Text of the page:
Religion and National Identity Formation: Japanese- American Buddhism in Prewar Hawaii and California
Director of the Center for Japanese Studies, U.C. Berkeley
ICC Visiting Scholar
December 7 (Tue), 2010
Room 301, 3F, Building 10
Sophia University Yotsuya Campus
No registration required
Japanese-American Buddhism from the late 19th century up to world war two was situated between two empires: Japan and America. In both Japan and American projects of national identity formation, religion played a central role in defining self and other. In this talk, we will focus on two controversies that helped define the limits of "Americanization", assimilation, and notions of religious freedom -- the role of Buddhism in labor struggles in Hawaii from 1900-20 and in the Japanese language school lawsuit that resulted in a U.S. Supreme Court decision in 1927. Questions of whether America is essentially a Christian nation or a religiously plural nation still reverberate today with the Florida Koran burning incident or the furor over the mosque building near the former World Trade Center in New York. This talk aims to look at the role of religion in national identity formation and during times of war with a look at Japanese-American Buddhism as a point of reference for more recent discussions.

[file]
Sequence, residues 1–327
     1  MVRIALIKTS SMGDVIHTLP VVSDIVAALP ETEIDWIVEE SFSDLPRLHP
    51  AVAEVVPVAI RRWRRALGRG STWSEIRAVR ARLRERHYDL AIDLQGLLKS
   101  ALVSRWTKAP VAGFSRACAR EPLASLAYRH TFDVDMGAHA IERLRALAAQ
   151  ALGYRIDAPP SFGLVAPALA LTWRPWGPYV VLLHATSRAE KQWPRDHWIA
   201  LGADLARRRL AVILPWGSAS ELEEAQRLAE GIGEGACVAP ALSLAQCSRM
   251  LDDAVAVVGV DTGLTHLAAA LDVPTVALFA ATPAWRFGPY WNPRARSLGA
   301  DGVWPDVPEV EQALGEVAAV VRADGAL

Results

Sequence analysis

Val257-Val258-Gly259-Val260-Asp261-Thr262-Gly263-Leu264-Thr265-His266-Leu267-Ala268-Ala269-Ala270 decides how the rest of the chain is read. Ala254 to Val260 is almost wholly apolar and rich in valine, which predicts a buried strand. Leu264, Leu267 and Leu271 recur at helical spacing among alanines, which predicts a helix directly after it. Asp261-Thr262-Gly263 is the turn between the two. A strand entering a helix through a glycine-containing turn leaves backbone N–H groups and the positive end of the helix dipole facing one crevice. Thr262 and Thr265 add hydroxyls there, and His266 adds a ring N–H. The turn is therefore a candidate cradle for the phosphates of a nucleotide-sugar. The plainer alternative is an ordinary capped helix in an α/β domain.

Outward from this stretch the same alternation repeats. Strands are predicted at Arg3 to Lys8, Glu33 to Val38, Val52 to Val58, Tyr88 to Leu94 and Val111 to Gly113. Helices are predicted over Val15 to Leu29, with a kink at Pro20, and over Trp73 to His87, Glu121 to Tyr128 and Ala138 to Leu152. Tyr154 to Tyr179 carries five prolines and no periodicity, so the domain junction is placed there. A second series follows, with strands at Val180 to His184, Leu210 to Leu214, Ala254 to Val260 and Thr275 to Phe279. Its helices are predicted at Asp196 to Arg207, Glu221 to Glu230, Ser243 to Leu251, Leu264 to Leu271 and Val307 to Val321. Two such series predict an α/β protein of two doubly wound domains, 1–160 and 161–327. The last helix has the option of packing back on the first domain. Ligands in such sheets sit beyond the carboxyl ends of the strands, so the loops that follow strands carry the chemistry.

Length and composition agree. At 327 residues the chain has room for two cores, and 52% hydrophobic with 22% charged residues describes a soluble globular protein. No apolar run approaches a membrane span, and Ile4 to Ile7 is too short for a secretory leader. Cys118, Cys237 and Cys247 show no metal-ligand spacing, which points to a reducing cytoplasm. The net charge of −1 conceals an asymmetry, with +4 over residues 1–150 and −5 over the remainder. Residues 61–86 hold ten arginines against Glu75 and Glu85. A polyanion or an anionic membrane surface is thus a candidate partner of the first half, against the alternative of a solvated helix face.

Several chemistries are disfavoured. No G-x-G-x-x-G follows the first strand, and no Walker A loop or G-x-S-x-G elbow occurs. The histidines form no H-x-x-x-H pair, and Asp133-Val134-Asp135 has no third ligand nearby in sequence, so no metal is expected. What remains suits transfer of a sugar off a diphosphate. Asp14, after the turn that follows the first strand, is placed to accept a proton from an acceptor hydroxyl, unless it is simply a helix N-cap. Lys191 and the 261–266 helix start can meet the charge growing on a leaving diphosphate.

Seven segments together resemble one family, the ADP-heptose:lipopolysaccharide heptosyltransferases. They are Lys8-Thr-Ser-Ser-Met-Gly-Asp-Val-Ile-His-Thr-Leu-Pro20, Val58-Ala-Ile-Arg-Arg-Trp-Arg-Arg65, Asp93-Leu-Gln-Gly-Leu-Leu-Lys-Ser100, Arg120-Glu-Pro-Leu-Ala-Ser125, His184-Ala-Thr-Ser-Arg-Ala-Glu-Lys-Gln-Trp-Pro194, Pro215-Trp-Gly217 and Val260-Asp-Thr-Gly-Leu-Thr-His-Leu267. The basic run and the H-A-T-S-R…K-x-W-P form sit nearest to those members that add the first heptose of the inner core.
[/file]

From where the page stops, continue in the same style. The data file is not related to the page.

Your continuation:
Duncan Williams is the Shinjo Ito Distinguished Chair of Japanese Buddhism and Director of the Center for Japanese Studies at UC Berkeley. In 2011, he will be Professor of Religion and Director of the School of Religion at the University of Southern California. He earned his Ph.D. from Harvard University and is the author of The Other Side of Zen (Princeton University Press, 2005) and co-editor of five books and translator of four books including Buddhism and Ecology (Harvard University Press, 1997), American Buddhism (Curzon/Routledge, 1998), and Issei Buddhism in the Americas (University of Illinois Press, 2010). He is also the director of the Mugen Project, an online bibliographic database of Buddhism.
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